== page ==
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Charles Jarrott (1877 - 1944) - Finish At All Costs
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Charles Jarrott

Charles Jarrott
Charles Jarrott - Image courtesy John Olliver, Dingbat Motors UK.

FINISH AT ALL COSTS



That was the racing motto of Charles Jarrott, one of Britain's greatest drivers in the first decade of motor sport, who took part in just about every race that mattered, up to 1905. Yet, out of all those events, he had just one major victory, although he was often well up with the leaders Jarrott's creed, recalled Arthur Bray (one of his racing contemporaries), was that it was always better 'to race clean and lose, than to win by foul driving'.

Jarrott was born in 1877 and originally planned to make the law his career. He was articled to a solicitor, but gave this up for motoring. He started racing with a De Dion tricycle at the old Crystal Palace cycle track and drove a Panhard, fitted with a prototype Napier engine, in the 1900 Thousand Miles Trial.

He first competed in an international event in the 1901 Paris-Berlin race, driving a 40 hp Panhard. Its racing number was 13, so he had it painted green to cancel out the bad luck; he finished tenth.

The following year, he took part in the Circuit du Nord, driving a new 40 hp Panhard. For this race, the cars had to run on alcohol, which the French Government was trying to promote as a fuel; this reduced their speed by around twenty per cent, and they were further slowed by torrential rain, which caused Jarrott's car to misfire.

Nevertheless, he soon took second position behind Maurice Farman's sister car. For much of the race, he was challenged for second place by Marcellin's Darracq and the cars were run- ning hubcap to hubcap right up to the finish, when Jarrott put on a spurt, hurtled over the line at top speed and knocked the Police Commissaire of Paris for six. Fortunately for all concerned, M le Commissaire was only shaken.

The 1902 Paris-Vienna race saw Jarrott at the wheel of one of the new 70 hp, 13.8-litre Panhards built to the 1000 kg maximum-weight formula; he finished eleventh, having repaired the car's broken wooden chassis-frame with wood taken from a bedstead in his hotel room and smuggled out to the car in his trouser legs. Jarrott was now anxious to enter this car for the Welbeck Speed Trials, but the car was in Vienna with a broken gearbox and its chassis tied together with string, the Panhard company seeming not at all anxious to repair it.

The Circuit des Ardennes



Jarrott's team-mate, Pinson, suggested that if the car were to be entered for the Circuit des Ardennes, to be held in Belgium a week or so before the Welbeck event, Panhard certainly would overhaul the car. The organisation of the Ardennes race left it lot to be desired- Jarrott and his mechanic even found themselves w·ithout hotel rooms, and had to accept the hospitality of a chance passer-by and huge dust-clouds made it almost impossible to follow the road. However, Jarrott, fortified by a bottle of champagne handed to him en route by a spectator, roared through the field, eliminating the crack Mors racers one by one, to win the event - the first-ever closed circuit race - at 54 mph.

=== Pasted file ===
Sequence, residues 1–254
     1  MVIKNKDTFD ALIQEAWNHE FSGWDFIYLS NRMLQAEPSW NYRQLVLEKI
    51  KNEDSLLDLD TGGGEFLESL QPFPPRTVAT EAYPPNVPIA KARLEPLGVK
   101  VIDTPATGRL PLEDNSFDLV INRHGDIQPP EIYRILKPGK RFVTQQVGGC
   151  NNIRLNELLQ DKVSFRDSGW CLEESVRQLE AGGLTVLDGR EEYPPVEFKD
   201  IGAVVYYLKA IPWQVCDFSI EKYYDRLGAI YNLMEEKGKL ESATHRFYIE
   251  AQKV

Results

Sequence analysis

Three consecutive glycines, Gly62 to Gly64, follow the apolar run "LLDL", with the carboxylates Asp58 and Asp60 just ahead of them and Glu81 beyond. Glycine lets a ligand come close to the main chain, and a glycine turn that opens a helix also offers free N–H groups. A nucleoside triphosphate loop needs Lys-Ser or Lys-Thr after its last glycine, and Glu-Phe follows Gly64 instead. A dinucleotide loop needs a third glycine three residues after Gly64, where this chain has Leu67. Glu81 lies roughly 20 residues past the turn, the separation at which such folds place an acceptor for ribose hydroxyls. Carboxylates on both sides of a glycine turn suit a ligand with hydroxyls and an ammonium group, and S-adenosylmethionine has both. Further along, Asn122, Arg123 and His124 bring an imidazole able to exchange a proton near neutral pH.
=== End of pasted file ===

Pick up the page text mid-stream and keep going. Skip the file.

Ten Years of Motors and Motor Racing



During the following week in torrential rain, Jarrott achieved the fastest time then recorded in Great Britain - 64 mph over the flying kilometre. In 1902, Jarrott went into partnership with William Letts, acquiring the sole British agencies for Oldsmobile and De Dietrich (Crossley was a later addition). He drove as leader of the De Dietrich team in the 1903 Paris-Madrid, and finished third, after an epic drive which he vividly recounted in his autobiography Ten Years of Motors and Motor Racing (we believe this book was ghost-written by A. B. Filson Young).

Jarrott's De Dietrich failed to last more than a couple of laps in the Circuit des Ardennes, held a month after the Paris-Madrid event; a few days later, he was driving a Napier in the Gordon-Bennett held in Ireland, and crashed when the steering gear broke on the second lap, breaking his collarbone. He drove a 96 hp Wolseley Beetle in the eliminating trials to choose the British team for the 1904 Gordon Bennett - and an 89 hp De Dietrich in the French Eliminating Trials and took twelfth place in the actual Gordon Bennett Cup, held on the German Taunus circuit, driving the Wolseley.

After that, Jarrott retired from the international racing scene, although he did compete in some of the first Brooklands meetings, and also set up records for the London-Monte Carlo .run, in a 40 hp Crossley. In 1905, he was one of the founders of the Automobile Association. In fact, Jarrott's mechanic, H. P. Small, clearly recalled fitting the first-ever AA badge on Jarrott's De Dietrich. Jarrott became the AA's chairman in 1922. He was also chairman of the Junior Car Club, founder member and vice-president of the Society of Motor Manufacturers and Traders, and one of the seven men who founded the Olympia Motor Show.

He sold his interest in Charles Jarrott & Letts Ltd in 1910, but continued in the motor trade for some considerable time after that. During World War 1 he was Inspector of Transport to the Royal Flying Corps,' and was three times mentioned in despatches; he was also secretary of the Royal Society of St George. Lieutenant-Colonel Charles Jarrott died on 4 January 1944, and was mourned as 'Britain's finest racing driver of the old school'.
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